Greetings and salutations, everyone; yes, once again it is I, your popular host, Mani the purebred border collie, here today to bring you the one thousandth post on this blog.
You may remember me from such non-thousandth posts as “Mice In The Rice”, among so many, many others. (Obviously.)
Uncharacteristically, some work is being done here. I know that’s hard to believe.
A few plants have been planted, but not many. A lot of them had rootballs so packed with roots that the guy I live with used the Super-Genius™ method of getting them to root. Namely, you repot in a larger pot, surround the root ball with sand, and then water for a couple of weeks, and, usually (but not always), roots will leaves the root ball to get water.
Tightly-packed roots can only get so much water, so this helps the plants establish in a dry garden much more quickly.
The other work that’s being done is on the lilacs. The guy I live with is no longer happy with the big green hedge of lilacs that rarely flower here, and just sit there being green all summer, so the first thing that’s being done is removal of the older, larger stems, of which there are a lot, because the lilacs have been neglected for such a long time.
The guy I live with’s wife used to do this. I wasn’t here at the time, so it’s a little hard for me to understand how much he misses her, and her help in the garden. Tomorrow would have been her sixty-fourth birthday.
I guess she would work on the lilacs for about a week. She was much more of a perfectionist than someone I know is.
Maybe you can’t see the gap in the lilacs here, but it’s definitely there.
That’s Solidago ‘Wichita Mountains’ in flower. The guy I live with thinks this is just a form of the variable Solidago speciosa, but since he doesn’t know one goldenrod from another, this name is fine. It comes from the Wichita Mountains in Oklahoma. Bees love it.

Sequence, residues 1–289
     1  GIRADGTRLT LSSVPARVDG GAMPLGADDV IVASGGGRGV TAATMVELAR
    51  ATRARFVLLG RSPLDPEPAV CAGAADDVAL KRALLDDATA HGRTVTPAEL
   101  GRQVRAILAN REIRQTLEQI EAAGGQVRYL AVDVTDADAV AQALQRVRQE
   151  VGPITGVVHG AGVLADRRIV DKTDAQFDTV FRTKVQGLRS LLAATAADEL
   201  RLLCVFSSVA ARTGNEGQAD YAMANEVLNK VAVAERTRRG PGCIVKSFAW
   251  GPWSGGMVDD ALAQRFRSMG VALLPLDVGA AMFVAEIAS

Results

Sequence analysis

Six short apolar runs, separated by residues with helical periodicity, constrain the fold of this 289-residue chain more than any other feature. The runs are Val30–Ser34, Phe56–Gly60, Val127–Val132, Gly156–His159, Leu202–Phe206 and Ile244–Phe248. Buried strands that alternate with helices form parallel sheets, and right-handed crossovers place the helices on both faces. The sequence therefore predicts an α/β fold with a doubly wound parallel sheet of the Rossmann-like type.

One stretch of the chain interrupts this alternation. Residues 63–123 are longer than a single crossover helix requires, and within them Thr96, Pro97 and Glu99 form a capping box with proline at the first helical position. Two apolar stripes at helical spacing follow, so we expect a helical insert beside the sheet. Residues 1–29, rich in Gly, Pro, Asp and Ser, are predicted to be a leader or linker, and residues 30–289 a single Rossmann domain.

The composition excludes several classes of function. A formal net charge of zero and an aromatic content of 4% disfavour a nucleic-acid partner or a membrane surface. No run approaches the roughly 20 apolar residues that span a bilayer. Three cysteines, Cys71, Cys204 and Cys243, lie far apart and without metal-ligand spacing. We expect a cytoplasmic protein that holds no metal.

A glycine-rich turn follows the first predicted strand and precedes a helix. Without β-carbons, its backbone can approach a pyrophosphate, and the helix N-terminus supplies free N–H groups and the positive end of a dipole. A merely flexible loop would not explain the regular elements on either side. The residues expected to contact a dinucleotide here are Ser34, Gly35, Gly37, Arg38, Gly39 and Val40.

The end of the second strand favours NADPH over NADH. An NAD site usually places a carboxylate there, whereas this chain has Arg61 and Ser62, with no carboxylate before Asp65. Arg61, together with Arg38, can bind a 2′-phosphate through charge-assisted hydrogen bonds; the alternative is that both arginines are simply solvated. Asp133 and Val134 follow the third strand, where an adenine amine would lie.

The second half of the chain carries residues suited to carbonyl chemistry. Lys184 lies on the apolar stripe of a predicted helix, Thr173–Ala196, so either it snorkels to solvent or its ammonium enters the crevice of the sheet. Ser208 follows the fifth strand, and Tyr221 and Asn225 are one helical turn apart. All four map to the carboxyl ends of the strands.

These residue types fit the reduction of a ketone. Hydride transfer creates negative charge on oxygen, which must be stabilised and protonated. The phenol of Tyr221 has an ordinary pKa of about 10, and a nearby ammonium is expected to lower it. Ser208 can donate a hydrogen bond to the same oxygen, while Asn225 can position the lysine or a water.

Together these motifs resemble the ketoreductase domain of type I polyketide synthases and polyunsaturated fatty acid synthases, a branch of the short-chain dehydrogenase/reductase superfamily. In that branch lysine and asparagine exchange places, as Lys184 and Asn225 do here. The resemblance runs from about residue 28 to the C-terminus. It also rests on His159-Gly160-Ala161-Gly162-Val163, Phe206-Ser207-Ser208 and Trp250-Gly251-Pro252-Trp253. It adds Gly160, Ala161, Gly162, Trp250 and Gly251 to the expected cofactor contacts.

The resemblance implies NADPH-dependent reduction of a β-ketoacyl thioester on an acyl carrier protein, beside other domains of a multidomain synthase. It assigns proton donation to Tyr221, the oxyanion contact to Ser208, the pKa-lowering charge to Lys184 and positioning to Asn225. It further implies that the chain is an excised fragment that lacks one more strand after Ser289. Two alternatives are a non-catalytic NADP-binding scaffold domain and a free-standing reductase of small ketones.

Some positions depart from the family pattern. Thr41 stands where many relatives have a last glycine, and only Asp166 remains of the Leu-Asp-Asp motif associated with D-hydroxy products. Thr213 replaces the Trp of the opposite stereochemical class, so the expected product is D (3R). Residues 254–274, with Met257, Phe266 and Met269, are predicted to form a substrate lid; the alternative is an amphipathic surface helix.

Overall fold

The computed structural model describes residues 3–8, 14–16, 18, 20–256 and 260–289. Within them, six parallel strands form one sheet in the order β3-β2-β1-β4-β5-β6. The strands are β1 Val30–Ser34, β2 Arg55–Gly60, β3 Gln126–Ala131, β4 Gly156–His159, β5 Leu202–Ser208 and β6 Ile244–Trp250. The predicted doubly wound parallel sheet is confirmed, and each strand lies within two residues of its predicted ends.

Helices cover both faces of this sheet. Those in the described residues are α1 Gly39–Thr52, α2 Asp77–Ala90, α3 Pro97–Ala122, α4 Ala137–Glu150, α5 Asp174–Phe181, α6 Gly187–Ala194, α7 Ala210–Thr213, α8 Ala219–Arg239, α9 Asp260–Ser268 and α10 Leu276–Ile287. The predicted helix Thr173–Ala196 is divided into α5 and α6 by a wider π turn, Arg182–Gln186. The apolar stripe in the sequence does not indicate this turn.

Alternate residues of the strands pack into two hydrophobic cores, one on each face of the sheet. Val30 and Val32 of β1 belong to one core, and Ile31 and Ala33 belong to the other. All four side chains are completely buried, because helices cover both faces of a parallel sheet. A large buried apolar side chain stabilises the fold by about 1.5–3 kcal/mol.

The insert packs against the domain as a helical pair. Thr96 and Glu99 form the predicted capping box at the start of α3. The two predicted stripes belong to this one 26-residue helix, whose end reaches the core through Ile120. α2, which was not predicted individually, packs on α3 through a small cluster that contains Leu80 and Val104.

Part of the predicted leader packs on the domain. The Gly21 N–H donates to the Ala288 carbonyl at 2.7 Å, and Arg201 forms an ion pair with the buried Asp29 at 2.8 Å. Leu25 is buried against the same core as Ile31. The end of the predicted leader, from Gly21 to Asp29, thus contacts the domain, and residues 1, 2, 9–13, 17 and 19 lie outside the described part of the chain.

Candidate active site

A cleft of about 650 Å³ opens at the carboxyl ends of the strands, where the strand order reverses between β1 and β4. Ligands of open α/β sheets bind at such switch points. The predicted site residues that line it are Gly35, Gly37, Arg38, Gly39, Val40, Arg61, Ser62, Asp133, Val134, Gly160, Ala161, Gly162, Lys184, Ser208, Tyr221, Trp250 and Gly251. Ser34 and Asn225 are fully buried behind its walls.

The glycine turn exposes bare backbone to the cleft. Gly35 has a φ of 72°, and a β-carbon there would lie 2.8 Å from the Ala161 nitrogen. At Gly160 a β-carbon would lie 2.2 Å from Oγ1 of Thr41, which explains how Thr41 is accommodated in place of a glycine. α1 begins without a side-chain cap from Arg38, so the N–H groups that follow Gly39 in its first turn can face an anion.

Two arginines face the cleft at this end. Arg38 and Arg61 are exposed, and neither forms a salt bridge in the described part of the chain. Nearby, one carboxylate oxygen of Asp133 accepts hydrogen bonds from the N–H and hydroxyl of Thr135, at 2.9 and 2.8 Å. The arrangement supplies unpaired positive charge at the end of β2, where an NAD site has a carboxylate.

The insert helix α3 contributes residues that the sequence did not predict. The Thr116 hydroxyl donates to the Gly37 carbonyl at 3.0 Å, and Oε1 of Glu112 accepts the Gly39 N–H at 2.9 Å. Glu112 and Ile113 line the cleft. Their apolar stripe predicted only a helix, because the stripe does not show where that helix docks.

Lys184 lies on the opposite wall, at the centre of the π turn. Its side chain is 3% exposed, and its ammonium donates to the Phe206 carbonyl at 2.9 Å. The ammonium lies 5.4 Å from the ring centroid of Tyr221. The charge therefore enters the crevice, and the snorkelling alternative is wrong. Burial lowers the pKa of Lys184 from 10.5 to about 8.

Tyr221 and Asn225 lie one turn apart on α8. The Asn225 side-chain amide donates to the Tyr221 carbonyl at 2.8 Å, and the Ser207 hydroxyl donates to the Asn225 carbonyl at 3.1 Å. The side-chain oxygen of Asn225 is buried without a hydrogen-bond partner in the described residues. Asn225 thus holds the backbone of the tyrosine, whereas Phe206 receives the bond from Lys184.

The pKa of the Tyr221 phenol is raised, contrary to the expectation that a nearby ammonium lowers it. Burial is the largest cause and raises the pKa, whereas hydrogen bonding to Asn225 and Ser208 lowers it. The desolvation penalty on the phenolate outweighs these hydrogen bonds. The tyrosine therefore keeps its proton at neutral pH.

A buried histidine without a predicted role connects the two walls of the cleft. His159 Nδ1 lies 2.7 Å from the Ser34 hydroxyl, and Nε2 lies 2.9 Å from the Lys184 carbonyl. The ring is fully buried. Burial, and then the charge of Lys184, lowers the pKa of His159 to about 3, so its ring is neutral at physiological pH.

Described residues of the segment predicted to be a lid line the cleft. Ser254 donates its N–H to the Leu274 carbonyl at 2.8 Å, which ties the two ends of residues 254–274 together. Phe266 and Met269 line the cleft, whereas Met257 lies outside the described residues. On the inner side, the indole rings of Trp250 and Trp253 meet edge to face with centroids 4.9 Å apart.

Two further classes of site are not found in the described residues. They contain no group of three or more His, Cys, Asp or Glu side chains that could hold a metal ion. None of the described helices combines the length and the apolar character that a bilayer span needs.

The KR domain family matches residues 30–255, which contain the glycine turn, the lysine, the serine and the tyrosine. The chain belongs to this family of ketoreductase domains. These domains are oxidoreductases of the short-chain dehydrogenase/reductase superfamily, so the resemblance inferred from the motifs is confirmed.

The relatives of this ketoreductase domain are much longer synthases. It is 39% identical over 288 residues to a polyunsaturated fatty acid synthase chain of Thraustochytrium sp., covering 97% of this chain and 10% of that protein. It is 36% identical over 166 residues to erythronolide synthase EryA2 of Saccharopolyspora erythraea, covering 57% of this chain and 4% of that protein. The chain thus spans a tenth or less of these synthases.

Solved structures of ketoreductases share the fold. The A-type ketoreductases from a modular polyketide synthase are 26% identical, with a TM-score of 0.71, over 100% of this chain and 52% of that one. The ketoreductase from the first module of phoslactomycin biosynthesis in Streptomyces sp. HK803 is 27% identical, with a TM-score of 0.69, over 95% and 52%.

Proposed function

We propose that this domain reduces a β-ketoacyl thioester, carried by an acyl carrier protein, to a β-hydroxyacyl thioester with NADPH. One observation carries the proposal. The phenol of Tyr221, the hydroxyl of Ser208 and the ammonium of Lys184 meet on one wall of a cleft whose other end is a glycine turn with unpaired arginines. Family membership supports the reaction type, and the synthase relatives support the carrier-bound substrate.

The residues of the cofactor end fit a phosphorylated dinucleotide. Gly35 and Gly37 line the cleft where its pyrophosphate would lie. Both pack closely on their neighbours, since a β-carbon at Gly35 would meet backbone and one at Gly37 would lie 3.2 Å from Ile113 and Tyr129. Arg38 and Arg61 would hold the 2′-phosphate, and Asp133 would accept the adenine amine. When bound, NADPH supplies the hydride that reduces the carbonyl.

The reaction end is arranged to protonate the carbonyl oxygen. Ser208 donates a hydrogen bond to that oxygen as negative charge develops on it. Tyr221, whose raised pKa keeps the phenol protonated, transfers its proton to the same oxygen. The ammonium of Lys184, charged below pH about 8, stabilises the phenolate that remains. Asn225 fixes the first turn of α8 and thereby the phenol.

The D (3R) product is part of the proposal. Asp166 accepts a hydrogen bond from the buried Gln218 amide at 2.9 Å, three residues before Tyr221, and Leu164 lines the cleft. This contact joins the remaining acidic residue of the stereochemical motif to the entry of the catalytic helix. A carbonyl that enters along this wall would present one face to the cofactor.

You can see here that the Acer grandidentatum is turning color. Not as spectacularly as in some years.
And you can see the wall of green lilacs, which the guy I live with says looks weird. Partly because of the abrupt transition from the dry border to all-of-a-sudden green lilac leaves.And you can also see the gap, right over the sagebrush.
There are some crocuses in flower. The guy I live with has been watering, a little. These are Crocus kotschyanus.
And this one, which is called Crocus goulimyi ‘Mani White’. I was very disappointed to learn that it was named for the Mani Peninsula in Greece, and not for me.
This is growing in a pot because someone forgot to plant it in the garden earlier this year. It will go back into the bulb frame pretty soon, to spend the winter there, and then get planted in the garden next year.
Speaking of spending the winter here, the guy I live with turned off the faucet last night and heard some rustling among the dry grapevine leaves clustered by concrete downsplash block.
This afternoon he went to turn on the faucet again and noticed he was being watched.
It is almost that time of year, after all, when spooky things happen, and you have the feeling that something is watching you.
It kind of gives me the creeps, though.
I guess the bullsnake–the very large bullsnake–will be spending the winter with us. There must be a huge burrow under the downsplash block. There’s a hole there, and the guy I live with said he’s often thought about filling it, but reconsidered because he also thought someone might be using it. And someone is.
We’re used to seeing burrows in the garden, since we sort of live out in the country.
That’s all I have for today. I know it’s hard to believe that there are actually a thousand posts on this blog, but there are.